Indian Arrival Day (continued )
The Indians left their country for different reasons but among them was the promise of good wages and living conditions. Unlike the African slave trade, the proportion of males to females was legally fixed. Although not slaves, the conditions they experienced were deplorable. Wage rates were not what were promised, but were fixed by an Immigration Act of 1859 and seemed never to have been changed. In 1874, the Indian government complained that they had not been getting the rate of wages promised. In 1882, a request was made for increased wages for newly arrived ‘indentures’, but the Legislative Council was not prepared to recommend any increase. It argued that the 20 cents per day being paid was supplemented by the provision grounds, allowing them to have a sufficient supply of vegetables and to be able to buy fish, rice, and other necessities. They warned that increased wages would have to be passed on to those already located here and also to the creole labourers, obviously playing off one group of labourers against the others.
Interestingly, on October 7, 1882, a number of Indians walked off the estates to lodge complaints about reduced wages and increased tasks. The ring leaders were arrested, being accused of going beyond the two-mile limit. The Lieutenant Governor had admitted earlier that the police were in the habit of arresting Indians without passes. The Protector of Immigrants from St. Lucia, after a visit of inspection, wrote a damning report. He pointed to the unsatisfactory state of dwellings and of the indentures themselves who were “weakened in body and depressed in spirits”. He pointed in particular to the Rabacca, Waterloo, Lot 14, and Mt. Wynne estates. The Lieutenant Governor tried to refute the conclusions of the report on a number of issues, arguing that the depression of spirits mentioned existed only in the imagination of the author. He only conceded to the lamentable situation at the Sans Souci estate, about which he ordered a ‘searching enquiry’. It was admitted earlier that the so-called estate ‘hospitals’ were “poor apologies for hospitals”. What was interesting about all of this was that the updated Regulations of 1878 had outlined the expected conditions related to housing, medical attention, and food rationing under which the immigrants were to be treated, including the type of dwellings, medical attention expected and the food rations. These were never seriously implemented.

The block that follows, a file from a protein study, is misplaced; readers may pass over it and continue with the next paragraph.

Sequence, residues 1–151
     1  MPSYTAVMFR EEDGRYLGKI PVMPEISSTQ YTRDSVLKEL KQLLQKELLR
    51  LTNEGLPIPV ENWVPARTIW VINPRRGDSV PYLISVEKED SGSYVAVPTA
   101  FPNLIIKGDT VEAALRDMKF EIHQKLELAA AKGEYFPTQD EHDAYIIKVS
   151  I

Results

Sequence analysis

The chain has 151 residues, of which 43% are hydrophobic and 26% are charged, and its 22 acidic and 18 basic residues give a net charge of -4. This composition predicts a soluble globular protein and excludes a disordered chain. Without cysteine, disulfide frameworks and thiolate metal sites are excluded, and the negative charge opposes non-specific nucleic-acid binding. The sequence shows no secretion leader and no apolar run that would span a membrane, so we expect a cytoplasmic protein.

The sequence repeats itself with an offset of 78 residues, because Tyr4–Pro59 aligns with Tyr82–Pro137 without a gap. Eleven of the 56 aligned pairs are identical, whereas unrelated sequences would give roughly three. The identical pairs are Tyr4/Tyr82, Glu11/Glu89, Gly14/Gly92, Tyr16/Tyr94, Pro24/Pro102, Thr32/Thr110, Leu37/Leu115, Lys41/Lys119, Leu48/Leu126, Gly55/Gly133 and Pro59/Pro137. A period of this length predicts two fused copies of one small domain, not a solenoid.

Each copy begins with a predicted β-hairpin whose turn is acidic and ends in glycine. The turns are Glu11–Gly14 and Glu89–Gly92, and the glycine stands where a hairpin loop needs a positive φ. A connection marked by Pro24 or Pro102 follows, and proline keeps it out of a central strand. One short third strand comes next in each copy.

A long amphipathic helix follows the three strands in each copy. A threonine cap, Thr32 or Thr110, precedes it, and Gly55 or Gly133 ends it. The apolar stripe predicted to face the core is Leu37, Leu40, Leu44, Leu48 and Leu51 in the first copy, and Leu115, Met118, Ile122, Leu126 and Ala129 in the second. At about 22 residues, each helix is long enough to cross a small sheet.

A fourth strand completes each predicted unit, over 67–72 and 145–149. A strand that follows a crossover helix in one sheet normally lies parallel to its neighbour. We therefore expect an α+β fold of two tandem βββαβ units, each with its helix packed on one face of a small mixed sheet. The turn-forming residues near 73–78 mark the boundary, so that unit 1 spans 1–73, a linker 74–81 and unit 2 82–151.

Later the promise of back passages became problematic. By 1891, all Indian immigrants were out of indenture and by the turn of the century were moving into villages, after purchasing lands particularly at Calder, Akers, Yambou and Richland Park. The 1911 Census drew attention to their naturalisation, a product of mixed marriages and a creolisation process facilitated by the churches and schools. Christian names were being adopted. Of a total population, 376, 273 had been born in the colony. The majority continued to be involved in agriculture as peasants and labourers, but some had become shopkeepers, others, carters with their own donkey carts. They had thrown in their lot with the country and over the years had contributed in different areas. In 1951, Evans Morgan was elected as the youngest parliamentarian as part of the Charles /Joshua Eight Army of Liberation.
Dr Adrian Fraser is a social commentator and historian